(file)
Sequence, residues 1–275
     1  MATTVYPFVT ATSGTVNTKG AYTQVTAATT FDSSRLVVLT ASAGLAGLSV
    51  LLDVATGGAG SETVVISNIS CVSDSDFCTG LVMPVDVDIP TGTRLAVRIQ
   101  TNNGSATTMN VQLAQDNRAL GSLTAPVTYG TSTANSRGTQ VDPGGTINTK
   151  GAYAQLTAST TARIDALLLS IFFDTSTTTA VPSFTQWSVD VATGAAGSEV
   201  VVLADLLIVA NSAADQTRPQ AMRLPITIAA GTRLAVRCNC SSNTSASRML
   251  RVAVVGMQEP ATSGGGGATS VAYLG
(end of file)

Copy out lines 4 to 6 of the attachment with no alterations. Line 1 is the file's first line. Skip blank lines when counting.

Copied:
   101  TNNGSATTMN VQLAQDNRAL GSLTAPVTYG TSTANSRGTQ VDPGGTINTK
   151  GAYAQLTAST TARIDALLLS IFFDTSTTTA VPSFTQWSVD VATGAAGSEV
   201  VVLADLLIVA NSAADQTRPQ AMRLPITIAA GTRLAVRCNC SSNTSASRML